Overload: Why Taking Too Many Supplements May Be Bad For Your Health

Friday May 24, 2013 | BY |
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Too Many Vitamins

Where do we draw the line with vitamin and mineral supplements?

Have you ever wondered if you’re taking the right supplements for you? Is your integrative or holistic doctor really targeting nutrients in an orthomolecular manner so they interact in positive ways with your cells? Are the products you’re taking from online sources really helping you? Or are you simply taking too many?

What if you have really big goals, like living forever?

In his book, Transcend, Ray Kurzweil and co-author Terry Grossman, M.D., offer detailed instructions on “living long enough to live forever.” This is like saying the key to longevity is not getting old, which is true, but cryptic, while being essentially useless.

Yet Kurzweil thinks he’s found the answer: Take 250 supplements a day. Kurzweil achieved celebrity status for his bold theories about the “Singularity,” a point in time when man and machine will converge, creating super-intelligent, immortal beings. Ironically, such techno-beings probably won’t need supplements, or likely even food. That might be a good thing, because we’ll have ruined our planet by then.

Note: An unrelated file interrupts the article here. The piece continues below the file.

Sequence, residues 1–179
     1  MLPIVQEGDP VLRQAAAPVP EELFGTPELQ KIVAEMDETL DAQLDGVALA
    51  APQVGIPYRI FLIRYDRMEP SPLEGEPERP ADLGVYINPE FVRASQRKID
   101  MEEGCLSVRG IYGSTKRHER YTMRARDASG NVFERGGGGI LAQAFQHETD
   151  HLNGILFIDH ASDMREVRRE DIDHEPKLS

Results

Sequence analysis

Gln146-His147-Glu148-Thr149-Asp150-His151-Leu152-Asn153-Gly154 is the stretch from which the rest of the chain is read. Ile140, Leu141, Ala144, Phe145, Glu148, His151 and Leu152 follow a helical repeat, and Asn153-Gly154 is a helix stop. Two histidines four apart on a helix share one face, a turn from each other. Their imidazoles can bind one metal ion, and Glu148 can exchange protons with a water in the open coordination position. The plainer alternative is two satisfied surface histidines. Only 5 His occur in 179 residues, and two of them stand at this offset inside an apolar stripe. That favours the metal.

Forget back to the future. What about now? Is 250 too much, or too little?

Too Much, Too Little

Nature works towards balance. The ancient Chinese Taoists and Tibetan Buddhists, shamans and medicine men, and wise people worldwide tell us to live a life of moderation. Very likely even your grandmother told you to take it easy, and keep things in balance.

Even a few scientists and medical doctors are discovering that biology is ecological, and that interconnectivity and balance are intimately linked to how the universe functions. We hear it more and more. Improving wellness stays disease. Prevention is the best medicine. Moderation is the key.

Caution to the wind, you say! But hold on: mega-nutrition is not always good.

Take a lesson from nature. Nitrogen makes up about 78% of the earth’s atmosphere. Scientists have found that it is also common in the universe, making supernovas and living in the atmosphere of other planets. It’s also the key nutrient that fills our stomachs. Without nitrogen, photosynthesis cannot happen, and plants can’t grow. No plants, no food.

When modern chemistry discovered how to capture and synthesize this gas into nitrogen-rich fertilizer, the green agriculture revolution was born. Within decades, countries like China pulled away from famine and starvation, and ran headlong into overpopulation.